logy Unit of the School of Veterinary Sciences (University
infectious disease, such as distemper, toxicity due to sulfona-
of Buenos Aires) and the Surgery Unit of the School of
mides or other drugs, surgical removal of the gland of the
Veterinary (University of Zaragoza) between August 1999
third eyelid, facial trauma, and congenital alacrima.1–8
and February 2004. Each patient had a chronic history of
Breed and sex predisposition to KCS have been pro-
severe, unilateral blepharospasm and variable amounts of
posed.1–3,5,9,10 The English Bulldog, Lhasa Apso, Shih Tzu,
mucoid discharge from and over the surface of the affected
West Highland White Terrier and Cocker Spaniel are
eye (Figs. 1–3). Twelve affected dogs were female and four
recognized worldwide as predisposed breeds.1,3 A female
were male. Chi-square analysis of this gender distribution
predisposition to KCS was reported in West Highland
suggested female dogs were signiﬁcantly more frequently
2007 American College of Veterinary Ophthalmologists
286 E T A L . Figure 1. Right eye of a 2-year-old, female Yorkshire Terrier with unilateral and severe keratoconjunctivitis sicca (STT 0 mm/min) and associated blepharospasm, blepharitis, copious mucoid discharge, and superﬁcial corneal vascularization. Figure 2. Left eye of a 2-year-old, female Yorkshire Terrier with unilateral keratoconjunctivitis sicca (STT 4 mm/min) of 3 months duration. Blepharospasm, blepharitis, mucoid discharge, and superﬁcial corneal vascularization can be observed. Figure 3. Left eye of an 11-month-old, male Yorkshire Terrier with unilateral and severe keratoconjunctivitis sicca (STT 0 mm/min) and associated blepharospasm and mild mucoid discharge.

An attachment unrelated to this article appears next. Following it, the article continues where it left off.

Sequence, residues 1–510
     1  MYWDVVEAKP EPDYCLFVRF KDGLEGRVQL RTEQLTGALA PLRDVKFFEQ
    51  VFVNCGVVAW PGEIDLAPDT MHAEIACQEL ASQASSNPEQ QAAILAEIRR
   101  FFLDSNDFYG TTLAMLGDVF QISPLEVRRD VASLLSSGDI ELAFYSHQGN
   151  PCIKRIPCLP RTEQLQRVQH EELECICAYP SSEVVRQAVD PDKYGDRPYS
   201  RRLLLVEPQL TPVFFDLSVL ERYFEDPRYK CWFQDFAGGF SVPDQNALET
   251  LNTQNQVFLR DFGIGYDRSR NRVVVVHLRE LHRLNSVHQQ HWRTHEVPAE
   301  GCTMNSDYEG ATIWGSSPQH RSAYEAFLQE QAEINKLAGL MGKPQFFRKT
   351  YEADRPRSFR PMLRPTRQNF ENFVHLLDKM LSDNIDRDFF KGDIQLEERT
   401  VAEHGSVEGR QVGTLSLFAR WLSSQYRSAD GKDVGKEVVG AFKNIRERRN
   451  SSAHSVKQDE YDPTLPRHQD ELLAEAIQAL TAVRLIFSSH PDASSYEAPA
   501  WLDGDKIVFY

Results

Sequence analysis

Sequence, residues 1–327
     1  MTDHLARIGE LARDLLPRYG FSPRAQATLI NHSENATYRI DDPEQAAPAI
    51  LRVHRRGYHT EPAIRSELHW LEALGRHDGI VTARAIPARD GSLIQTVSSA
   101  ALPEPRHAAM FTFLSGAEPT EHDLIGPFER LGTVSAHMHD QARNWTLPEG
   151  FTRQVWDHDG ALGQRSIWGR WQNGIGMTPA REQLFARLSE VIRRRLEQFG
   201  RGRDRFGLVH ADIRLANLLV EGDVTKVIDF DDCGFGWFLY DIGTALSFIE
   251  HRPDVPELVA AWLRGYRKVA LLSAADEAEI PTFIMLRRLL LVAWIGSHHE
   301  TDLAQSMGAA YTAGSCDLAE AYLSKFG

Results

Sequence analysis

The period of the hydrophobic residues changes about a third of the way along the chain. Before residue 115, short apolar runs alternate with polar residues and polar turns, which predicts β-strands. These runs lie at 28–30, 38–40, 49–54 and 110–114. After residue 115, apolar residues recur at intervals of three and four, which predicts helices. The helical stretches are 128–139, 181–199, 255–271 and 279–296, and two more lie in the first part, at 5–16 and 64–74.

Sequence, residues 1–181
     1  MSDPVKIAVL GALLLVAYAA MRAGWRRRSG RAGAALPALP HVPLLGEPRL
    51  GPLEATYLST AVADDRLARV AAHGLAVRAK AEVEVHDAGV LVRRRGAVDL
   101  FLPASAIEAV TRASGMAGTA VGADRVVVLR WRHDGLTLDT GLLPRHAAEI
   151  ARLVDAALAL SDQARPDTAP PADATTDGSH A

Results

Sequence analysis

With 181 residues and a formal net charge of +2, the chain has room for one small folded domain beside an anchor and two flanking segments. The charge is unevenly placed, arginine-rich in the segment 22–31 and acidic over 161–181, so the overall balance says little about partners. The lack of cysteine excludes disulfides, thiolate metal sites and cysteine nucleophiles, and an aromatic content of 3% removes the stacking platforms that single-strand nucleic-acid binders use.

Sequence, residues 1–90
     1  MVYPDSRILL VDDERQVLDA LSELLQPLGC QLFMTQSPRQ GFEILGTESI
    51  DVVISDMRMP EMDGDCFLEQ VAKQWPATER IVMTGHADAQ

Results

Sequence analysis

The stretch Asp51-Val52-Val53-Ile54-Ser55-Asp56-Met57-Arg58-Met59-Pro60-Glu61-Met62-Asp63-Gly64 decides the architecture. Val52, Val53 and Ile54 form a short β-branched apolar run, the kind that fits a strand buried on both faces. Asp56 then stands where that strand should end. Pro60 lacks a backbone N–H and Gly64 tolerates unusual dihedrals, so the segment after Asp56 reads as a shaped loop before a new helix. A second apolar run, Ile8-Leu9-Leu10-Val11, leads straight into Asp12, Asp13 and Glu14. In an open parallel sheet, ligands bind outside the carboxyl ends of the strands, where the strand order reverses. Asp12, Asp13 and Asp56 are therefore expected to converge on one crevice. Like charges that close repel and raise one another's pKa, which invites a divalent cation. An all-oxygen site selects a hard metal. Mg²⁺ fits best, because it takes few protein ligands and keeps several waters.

affected than were male dogs (P = 0.05). No dogs were
the STT in the affected eye was 0 mm/min. Results of the
neutered and a familial relationship between the dogs was
STT in the unaffected eye ranged from 11 to 17 mm/min
known for only two dogs, which were mother and daughter.
(mean ± SD, 14 ± 2; median, 15). IOP was normal in all dogs.
The dogs ranged in age from 5 months to 4 years (mean ±
Affected eyes had blepharitis, mild conjunctival hyperemia,
standard deviation (SD): 2.1 ± 1.4 years; median: 2 years).
and variable degrees of superﬁcial corneal vascularization
Duration of clinical signs before presentation ranged from 3
with a dry appearance to the ocular surface. Corneal melanosis
to 24 (mean ± SD: 9.1 ± 6.9; median: 6) months. All dogs
was not observed in any dog. The rest of the anterior segment
had been treated with various topical ophthalmic antibiotics
examination and the fundic examination revealed no
by the referring veterinarians, without resolution of clinical
abnormalities in any dog. Signs of cranial nerve dysfunction
signs. None of the dogs had been treated with sulfonamides
were not observed in any dog and no other relevant clinical
or had undergone surgery involving the third eyelid gland. A
signs were detected during the general physical examination.
history of trauma or infectious disease could not be obtained